The Office of Citizen Exchanges of the Bureau of Educational and Cultural Affairs announces an open competition for Professional Exchange Programs in Turkey. The Bureau anticipates awarding three to five grants under this competition. Projects should target one of the following themes: Human rights law, media internships and women's leadership. Public and private non-profit organizations meeting the provisions described in Internal Revenue Code section 26 U.S.C. 501(c)(3) may submit proposals to support international projects in the United States and Turkey involving current or potential leaders.
This Request for Grant Proposals contains language in the “Shipment and Deadline for Proposals” section that is significantly different from that used in the past. Please pay special attention to procedural changes as outlined.
Announcement Title and Number: All correspondence with the Bureau concerning this RFGP should reference the “Professional Exchange Programs in Turkey “ and number ECA/PE/C/EUR-04-68.Start Further Info
FOR FURTHER INFORMATION CONTACT:
Interested organizations/institutions may contact the Office of Citizen Exchanges, Room 220, SA-44, U.S. Department of State, 301 4th Street, SW., Washington, DC 20547, Attention: Professional Exchange Programs in Turkey, telephone number (202) 260-6230, fax number (202) 619-4350 to request a Solicitation Package. The Solicitation Package, which includes the Request for Grant Proposals (RFGP), the Proposal Submission Instructions (PSI) and the diversity statement, contains detailed award criteria, required application forms, specific budget instructions, and standard guidelines for proposal preparation.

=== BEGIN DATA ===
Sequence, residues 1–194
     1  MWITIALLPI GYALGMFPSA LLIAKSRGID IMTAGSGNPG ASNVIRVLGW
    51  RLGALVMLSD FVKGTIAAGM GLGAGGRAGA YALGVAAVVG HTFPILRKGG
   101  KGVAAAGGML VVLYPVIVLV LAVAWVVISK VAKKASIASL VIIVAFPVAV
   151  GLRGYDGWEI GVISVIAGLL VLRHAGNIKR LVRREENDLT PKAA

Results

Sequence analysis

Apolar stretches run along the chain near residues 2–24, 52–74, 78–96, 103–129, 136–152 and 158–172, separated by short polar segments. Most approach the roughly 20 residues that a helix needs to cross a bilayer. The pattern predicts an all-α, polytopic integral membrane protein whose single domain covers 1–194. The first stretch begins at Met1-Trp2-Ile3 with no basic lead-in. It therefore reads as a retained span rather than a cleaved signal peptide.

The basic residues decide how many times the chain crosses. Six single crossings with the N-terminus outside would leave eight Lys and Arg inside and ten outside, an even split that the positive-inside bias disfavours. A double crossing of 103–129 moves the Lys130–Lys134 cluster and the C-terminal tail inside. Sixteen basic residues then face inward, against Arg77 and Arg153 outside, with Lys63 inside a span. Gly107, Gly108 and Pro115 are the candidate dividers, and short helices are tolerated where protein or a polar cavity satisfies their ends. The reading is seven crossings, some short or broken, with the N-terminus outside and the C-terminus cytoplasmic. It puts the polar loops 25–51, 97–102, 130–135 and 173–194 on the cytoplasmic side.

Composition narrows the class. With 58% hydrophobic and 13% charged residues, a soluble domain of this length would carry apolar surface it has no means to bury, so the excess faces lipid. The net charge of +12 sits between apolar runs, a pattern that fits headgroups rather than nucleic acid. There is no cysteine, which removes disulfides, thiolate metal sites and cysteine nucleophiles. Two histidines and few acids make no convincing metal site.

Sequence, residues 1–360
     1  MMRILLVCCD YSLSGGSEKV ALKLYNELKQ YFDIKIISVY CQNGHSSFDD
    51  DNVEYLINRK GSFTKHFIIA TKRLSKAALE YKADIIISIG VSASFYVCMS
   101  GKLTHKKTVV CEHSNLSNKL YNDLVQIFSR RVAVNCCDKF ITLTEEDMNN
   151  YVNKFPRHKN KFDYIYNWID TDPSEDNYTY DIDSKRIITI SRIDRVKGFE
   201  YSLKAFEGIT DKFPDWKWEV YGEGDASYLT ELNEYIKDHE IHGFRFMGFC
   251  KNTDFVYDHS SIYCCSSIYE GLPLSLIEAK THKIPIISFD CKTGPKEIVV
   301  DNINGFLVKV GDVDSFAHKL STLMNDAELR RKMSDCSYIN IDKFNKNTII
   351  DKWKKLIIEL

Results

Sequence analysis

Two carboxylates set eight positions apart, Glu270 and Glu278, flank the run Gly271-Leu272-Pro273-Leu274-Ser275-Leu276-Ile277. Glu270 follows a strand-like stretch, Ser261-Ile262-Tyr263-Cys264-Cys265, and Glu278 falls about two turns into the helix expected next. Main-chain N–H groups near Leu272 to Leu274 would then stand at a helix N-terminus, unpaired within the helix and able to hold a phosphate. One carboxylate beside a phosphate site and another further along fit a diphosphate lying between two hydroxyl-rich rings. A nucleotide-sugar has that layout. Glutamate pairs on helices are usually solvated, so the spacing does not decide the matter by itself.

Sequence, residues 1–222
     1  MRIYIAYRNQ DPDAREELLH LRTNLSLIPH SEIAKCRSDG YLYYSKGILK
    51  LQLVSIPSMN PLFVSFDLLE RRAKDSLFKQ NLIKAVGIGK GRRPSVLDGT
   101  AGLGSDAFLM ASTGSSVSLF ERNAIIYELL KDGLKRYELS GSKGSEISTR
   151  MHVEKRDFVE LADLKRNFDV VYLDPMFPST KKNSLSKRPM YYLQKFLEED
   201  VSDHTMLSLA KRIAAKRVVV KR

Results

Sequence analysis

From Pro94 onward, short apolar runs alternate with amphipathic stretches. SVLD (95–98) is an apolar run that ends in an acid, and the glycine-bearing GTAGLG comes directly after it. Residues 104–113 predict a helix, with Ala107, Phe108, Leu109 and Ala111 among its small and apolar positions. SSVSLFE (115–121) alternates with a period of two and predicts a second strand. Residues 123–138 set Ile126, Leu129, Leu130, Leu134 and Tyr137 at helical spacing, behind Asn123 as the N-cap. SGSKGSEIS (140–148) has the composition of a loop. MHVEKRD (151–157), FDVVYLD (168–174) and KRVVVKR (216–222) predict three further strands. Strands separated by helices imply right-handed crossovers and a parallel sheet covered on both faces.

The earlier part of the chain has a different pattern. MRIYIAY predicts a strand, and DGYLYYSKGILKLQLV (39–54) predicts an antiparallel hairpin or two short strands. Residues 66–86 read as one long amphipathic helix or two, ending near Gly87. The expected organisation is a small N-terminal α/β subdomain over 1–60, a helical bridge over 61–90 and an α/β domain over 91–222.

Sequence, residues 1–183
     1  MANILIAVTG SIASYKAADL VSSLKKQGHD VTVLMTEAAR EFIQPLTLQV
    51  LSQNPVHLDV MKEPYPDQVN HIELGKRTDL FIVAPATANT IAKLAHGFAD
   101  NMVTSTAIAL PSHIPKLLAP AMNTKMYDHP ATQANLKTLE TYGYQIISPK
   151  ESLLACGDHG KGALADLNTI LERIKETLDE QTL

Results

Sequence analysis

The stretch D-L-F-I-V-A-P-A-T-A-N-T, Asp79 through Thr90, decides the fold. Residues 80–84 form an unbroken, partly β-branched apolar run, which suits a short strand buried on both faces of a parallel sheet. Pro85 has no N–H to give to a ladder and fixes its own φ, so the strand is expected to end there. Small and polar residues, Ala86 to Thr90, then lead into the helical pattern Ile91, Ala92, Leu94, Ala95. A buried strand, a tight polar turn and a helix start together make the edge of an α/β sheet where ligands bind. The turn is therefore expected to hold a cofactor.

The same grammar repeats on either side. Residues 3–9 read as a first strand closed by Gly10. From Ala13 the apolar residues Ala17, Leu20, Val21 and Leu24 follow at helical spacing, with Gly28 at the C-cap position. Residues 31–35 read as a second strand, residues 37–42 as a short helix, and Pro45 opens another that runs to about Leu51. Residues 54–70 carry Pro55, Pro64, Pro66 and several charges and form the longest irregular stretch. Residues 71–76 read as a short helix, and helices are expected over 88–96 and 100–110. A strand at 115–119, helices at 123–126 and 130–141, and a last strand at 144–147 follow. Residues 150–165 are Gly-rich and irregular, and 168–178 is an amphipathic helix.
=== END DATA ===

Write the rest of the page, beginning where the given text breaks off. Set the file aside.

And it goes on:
For specific inquiries, please contact Chris Miner by phone or email at (202) 401-7342 (email@example.com).
To Download a Solicitation Package Via Internet: The entire Solicitation Package may be downloaded from the Bureau's Web site at http://exchanges.state.gov/education/RFGPs. Please read all information before downloading.
Please read the complete Federal Register announcement before sending inquiries or submitting proposals. Once the RFGP deadline has passed, Bureau staff may not discuss this competition with applicants until the proposal review process has been completed.
General Program Guidelines: This competition is based on the premise that people-to-people exchanges encourage and strengthen democratic initiatives and nurture the social, political and economic development of societies. Exchanges and training programs supported by institutional grants from the Bureau should operate at two levels: they should enhance institutional partnerships, and they should offer practical information and experience to individuals and groups to assist them with their professional responsibilities. Start Printed Page 20104Strong proposals usually have the following characteristics:
- A proven track record of working in the proposed issue area and country;
- Experienced staff with language facility and a commitment by the staff to monitor projects locally to ensure implementation;
- A clear, convincing plan showing how permanent results will be accomplished as a result of the activity funded by the grant;
- A post-grant plan that includes activities that will take place after the Bureau-funded grant has concluded. (See Review Criterion #5 below for more information on post-grant activities.) and;
- A detailed discussion of project needs and feasibility. Proposals that include costs or time for a needs assessment may be deemed less competitive.
Applicants should identify the local organizations and individuals in Turkey with whom they are proposing to collaborate and describe in detail previous cooperative programming and/or contacts. Specific information about the counterpart organizations' activities and accomplishments should be included in the section under “Institutional Capacity.” (See Review Criterion #2 below.) Proposals should contain letters of support tailored to the proposed project from partner organizations in Turkey. Applicants should clearly outline in the narrative the foreign partner's role and responsibilities in project management and implementation.